• GuestHM

    The box in the road… Yes he tried to avoid it but the car being chased should have pulled over from the get go. They caused the crime and the accident to happen. God Bless Matthews family coworkers and friends. What a sad event.

  • officerwife

    Hopefully anyone breaking the law in anyway that results in an officers death will be charged with murder and punished to the FULL extent of the law. If that CRIMINAL had not been breaking the law, the officer never would have died. Why is that so hard for people to understand? People who BREAK THE LAW should be held accountable for their actions, not just for the law that they INTENDED to break, but for ALL crimes commited. Maybe then some of the crime in this town would cease. I am so sick of people sticking up for criminals and having sympathy for them. Criminals knowingly do illegal things of their own free will, why stand up for them? No one makes them do these things, and having the slightest bit of sympathy for them when they get caught and punished is absolutely ridiculous.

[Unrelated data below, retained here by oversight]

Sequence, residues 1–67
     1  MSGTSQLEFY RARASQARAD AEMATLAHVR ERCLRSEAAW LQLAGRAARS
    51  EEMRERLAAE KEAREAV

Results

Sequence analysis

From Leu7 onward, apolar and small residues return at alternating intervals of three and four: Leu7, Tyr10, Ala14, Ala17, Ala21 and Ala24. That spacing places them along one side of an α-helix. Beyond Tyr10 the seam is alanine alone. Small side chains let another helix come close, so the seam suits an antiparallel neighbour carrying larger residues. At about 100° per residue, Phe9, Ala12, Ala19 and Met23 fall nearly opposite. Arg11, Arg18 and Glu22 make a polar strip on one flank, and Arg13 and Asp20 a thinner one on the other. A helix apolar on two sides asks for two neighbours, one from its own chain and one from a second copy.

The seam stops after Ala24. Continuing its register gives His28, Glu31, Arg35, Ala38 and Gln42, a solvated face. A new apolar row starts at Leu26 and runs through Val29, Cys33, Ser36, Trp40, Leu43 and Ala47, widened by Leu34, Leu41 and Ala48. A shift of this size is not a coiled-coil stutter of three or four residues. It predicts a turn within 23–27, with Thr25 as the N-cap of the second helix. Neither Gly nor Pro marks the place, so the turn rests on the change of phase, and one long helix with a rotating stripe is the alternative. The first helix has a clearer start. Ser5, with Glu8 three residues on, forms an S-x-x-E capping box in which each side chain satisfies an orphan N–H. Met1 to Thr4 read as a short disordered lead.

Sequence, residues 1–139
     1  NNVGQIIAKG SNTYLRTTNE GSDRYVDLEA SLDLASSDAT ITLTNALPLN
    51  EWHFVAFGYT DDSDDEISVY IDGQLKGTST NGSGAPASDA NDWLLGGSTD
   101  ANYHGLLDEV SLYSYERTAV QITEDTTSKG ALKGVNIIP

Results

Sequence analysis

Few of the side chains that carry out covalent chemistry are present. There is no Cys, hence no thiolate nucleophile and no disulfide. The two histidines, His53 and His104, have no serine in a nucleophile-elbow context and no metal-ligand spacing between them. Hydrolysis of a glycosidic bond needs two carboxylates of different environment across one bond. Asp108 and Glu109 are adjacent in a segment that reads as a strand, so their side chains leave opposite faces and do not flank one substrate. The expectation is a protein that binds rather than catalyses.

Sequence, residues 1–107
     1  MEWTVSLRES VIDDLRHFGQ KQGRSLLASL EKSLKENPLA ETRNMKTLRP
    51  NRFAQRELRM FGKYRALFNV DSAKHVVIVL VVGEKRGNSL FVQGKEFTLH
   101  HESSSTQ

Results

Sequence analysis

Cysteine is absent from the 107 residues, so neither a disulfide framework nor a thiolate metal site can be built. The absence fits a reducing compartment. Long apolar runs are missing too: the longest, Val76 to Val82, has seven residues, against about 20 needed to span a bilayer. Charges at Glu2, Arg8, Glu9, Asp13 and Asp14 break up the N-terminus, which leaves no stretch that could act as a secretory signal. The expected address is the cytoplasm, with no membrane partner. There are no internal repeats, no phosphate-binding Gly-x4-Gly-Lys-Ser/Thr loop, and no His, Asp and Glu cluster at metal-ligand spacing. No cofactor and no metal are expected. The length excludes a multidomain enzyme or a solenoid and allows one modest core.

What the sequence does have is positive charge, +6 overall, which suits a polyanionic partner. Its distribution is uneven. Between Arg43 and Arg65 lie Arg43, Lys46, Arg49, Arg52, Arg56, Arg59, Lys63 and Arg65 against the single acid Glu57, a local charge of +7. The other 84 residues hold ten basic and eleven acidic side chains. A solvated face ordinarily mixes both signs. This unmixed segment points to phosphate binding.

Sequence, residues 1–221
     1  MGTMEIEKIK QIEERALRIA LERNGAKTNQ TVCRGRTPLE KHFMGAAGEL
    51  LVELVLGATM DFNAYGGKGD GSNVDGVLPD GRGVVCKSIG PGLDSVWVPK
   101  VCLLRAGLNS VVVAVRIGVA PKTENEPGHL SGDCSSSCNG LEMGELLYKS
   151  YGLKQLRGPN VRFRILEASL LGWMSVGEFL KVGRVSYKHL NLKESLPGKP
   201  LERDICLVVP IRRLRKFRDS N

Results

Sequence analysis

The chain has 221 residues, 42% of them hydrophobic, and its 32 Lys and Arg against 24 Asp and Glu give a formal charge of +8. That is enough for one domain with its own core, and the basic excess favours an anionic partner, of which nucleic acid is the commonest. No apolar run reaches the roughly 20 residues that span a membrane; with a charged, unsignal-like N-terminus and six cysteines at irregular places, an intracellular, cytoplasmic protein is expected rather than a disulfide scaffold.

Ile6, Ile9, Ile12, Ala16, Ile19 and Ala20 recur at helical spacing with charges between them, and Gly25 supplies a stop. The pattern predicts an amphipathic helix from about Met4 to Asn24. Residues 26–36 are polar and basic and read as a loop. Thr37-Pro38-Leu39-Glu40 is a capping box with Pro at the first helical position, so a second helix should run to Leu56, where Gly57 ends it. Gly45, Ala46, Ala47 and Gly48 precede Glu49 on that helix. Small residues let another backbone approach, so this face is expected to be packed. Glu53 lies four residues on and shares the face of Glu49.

–proud to be an officer’s wife–

  • a friend

    thats stupid of you to call them that! grow up loser! and i know one of them and they are smater than you will ever be or hope to be! just wrong place at the worng time! if you don’t know the truth as i do then keep your mouth shut!

  • Guest1212`12

    but the question is when you know one of them and what amazing father and friend they are you hate that this has happened to them! wrong place at the worng time people make mistakes thats how you learn form them! don’t be so quik to judge the book by his cover!